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Only BJP can decide on LJP's fate in NDA: Nitish

November 13, 2020 02:13 IST

Bihar Chief Minister Nitish Kumar, whose Janata Dal-United suffered a major slump in seats in the assembly polls on account of the rebellion by Chirag Paswan, on Thursday said it is for the alliance spearhead Bharatiya Janata Party to take a call on whether to retain the Lok Janshakti Party in the National Democratic Alliance.


Photograph: @jduonline/Twitter

Talking to reporters for the first time after the NDA's victory, Kumar, who is set for yet another term in office, said the date for his swearing-in ceremony will be discussed at an 'informal' meeting of all the four NDA constituents on Friday.

"You make suggestions to this effect," Kumar replied laughingly when asked whether he would ask the BJP to drop the LJP from the NDA at the Centre in the wake of its brinkmanship that scuppered the chances of the JD-U candidates in several seats.

"In any case, it is for the BJP to decide. I have nothing to say in the matter," said Kumar, who is the national president of the JD-U.

The JD-U has returned with a tally of 43 seats, down from 71 in 2015 when he contested assembly polls in alliance with the RJD and the Congress. In contrast, the BJP, which was hitherto a junior alliance partner, won 74 seats.

The development will not put any hurdle in the way of Kumar's return as the chief minister but will likely alter the power equations between the two parties.

However, when asked whether he was apprehensive about being able to function as freely as earlier, Kumar replied in the negative.

"I have always been uncompromising on the three Cs crime, corruption and communalism. There is going to be no change. Not a single riot has taken place since I took over," he said.

"Janata maalik hai (the people are our lord). I have no personal feelings in these matters," he said about the election reverses.

About the possible date of swearing in, he said leaders of all the four NDA constituents will likely meet informally on Friday to discuss the issue.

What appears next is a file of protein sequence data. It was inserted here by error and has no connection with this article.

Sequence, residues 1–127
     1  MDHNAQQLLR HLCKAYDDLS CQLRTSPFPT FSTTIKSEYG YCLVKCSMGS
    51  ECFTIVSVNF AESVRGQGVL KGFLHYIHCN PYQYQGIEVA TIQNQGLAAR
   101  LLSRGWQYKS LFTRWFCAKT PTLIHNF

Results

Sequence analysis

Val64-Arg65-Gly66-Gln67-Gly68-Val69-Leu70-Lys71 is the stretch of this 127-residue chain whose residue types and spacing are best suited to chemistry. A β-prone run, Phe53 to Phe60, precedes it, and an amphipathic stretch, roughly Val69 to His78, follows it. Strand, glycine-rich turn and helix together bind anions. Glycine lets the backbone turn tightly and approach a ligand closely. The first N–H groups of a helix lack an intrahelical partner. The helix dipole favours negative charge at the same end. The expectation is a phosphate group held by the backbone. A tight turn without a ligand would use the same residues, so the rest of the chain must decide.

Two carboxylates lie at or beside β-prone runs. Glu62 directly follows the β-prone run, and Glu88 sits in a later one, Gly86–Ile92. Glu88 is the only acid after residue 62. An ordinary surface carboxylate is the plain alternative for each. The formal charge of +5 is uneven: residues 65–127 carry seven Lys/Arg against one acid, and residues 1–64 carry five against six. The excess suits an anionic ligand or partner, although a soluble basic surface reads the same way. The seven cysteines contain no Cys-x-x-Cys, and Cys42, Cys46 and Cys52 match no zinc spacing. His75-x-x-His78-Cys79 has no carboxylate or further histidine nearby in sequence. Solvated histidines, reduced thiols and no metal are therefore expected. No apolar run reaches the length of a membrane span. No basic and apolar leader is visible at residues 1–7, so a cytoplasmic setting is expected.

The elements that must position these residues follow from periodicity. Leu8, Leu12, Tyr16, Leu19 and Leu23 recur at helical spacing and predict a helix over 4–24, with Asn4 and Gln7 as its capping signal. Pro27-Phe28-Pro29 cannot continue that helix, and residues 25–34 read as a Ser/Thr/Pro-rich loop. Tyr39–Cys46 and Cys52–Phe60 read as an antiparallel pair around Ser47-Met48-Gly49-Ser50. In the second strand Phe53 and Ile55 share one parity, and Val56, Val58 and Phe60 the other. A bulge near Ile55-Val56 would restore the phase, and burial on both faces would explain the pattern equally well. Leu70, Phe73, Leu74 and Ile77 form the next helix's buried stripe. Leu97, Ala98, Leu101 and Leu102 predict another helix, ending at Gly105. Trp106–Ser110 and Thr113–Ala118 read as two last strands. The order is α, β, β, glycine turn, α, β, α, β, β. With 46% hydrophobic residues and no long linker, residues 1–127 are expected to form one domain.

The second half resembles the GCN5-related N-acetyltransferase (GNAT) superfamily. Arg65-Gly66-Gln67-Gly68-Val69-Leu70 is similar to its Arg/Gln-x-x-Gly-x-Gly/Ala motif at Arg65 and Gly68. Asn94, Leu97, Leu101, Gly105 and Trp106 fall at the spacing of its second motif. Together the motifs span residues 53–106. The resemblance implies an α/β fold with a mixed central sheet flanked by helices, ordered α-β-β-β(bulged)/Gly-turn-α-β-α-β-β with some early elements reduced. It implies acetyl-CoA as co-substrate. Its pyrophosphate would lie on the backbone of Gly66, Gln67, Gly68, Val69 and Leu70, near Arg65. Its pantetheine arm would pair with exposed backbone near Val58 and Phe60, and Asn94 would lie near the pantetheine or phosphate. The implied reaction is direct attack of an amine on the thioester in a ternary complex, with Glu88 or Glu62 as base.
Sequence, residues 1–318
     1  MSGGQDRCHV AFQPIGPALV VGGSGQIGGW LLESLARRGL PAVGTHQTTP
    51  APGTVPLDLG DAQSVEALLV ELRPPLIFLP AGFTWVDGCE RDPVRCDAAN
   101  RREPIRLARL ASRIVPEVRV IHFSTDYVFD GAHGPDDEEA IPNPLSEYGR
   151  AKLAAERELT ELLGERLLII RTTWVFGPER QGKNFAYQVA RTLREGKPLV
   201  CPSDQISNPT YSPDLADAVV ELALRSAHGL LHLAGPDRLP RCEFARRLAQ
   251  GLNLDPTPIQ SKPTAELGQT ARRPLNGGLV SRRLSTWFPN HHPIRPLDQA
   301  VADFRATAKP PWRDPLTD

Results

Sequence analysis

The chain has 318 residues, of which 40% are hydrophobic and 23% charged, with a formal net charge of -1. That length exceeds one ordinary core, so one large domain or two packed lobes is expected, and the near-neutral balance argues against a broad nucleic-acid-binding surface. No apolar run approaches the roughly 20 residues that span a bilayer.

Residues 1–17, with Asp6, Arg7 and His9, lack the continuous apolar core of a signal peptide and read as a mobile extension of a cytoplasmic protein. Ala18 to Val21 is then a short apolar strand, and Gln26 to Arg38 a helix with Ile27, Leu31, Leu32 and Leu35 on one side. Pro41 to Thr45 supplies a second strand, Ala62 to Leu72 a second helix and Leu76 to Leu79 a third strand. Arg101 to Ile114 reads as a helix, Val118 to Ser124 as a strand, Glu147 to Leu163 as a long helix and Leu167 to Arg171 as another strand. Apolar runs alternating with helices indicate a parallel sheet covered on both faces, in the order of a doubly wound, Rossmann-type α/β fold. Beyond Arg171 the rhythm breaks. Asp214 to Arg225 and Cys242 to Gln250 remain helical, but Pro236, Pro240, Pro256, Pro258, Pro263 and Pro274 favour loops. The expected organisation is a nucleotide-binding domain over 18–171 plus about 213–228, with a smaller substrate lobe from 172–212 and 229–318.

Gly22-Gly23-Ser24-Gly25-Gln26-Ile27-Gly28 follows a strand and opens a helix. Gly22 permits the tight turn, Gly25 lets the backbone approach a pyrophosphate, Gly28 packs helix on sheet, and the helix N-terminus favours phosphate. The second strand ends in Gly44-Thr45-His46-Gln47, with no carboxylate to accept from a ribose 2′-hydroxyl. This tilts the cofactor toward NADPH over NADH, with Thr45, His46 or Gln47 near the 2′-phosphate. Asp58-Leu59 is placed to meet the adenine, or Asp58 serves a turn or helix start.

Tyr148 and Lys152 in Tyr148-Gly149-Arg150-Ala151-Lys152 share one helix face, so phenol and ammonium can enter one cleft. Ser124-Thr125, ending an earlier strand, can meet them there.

Kumar said since the tenure of the current assembly ends on November 29 there was time.

He said if the swearing were to take place before November 29, the current assembly will have to be dissolved.

"I will also need to tender my resignation before that for fresh oath-taking," he said.

He declined to comment on allegations by opposition leaders, including Rashtriya Janata Dal's Tejashwi Yadav, that the process of counting of votes was rigged to help the NDA which got a slender majority and won by wafer-thin margins in several seats.

"What do I have to say in such matters," he replied dismissively. 

You got it wrong: Nitish on 'last poll' remark

Kumar sought to clarify his recent 'aakhiri chunaav' (last poll) remark which had triggered intense speculations, and claimed that it was an utterance made by him whenever he wrapped up an election campaign, but it was 'misunderstood' this time.

"You guys did not get it right. I say the same thing at the last rally in every election ant bhala to sab bhala (all is well that ends well)," said Kumar when asked about his closing remarks at an election meeting he addressed in Purnea district last week, shortly before campaigning for the final phase of polls came to an end.

"Listen to what I said before and after it and you will understand the context. Had you done so, you would not have misunderstood it," said Kumar whose words 'ye mera aakhiri chunaav hai (this is my last election)' was interpreted by the opposition as an admission of impending
defeat and a ploy to strike a chord with an angry electorate.

However, JD-U leaders had later came out with a clarification that 'aakhiri chunaav' meant 'aakhiri chunaavi sabha (last election meeting)' and Kumar was not talking about retirement.

The 69-year-old chief minister, who has been in power since 2005, appeared unhappy over projections of a strong anti-incumbency during the elections and predictions of a rout of the ruling dispensation.

"I have been selflessly serving people. Still, some people succeeded in creating some confusion. You must have noted the anxieties triggered in public mind following the projections of the exit polls," Kumar said.

Most exit polls had predicted a comfortable victory for the RJD-led Grand Alliance which had led to fears, among those not sympathetic to Lalu Prasad's party, that its return to power could lead to lawlessness.

'Jungle raj', alluding to the alleged lawlessness that prevailed during the 15 years Prasad and his wife Rabri Devi had ruled the state, came to be the recurring theme of the NDA's poll campaign.

Lending weight to the narrative, Prime Minister Narendra Modi, who is being credited for the BJP's stellar performance, had repeatedly warned the people of the state against promises made by Prasad's heir apparent Tejashwi Yadav, whom he never mentioned by name but always referred to as 'jungle raj ke yuvraj'.

Yadav was also the chief ministerial candidate of the RJD-led Grand Alliance.

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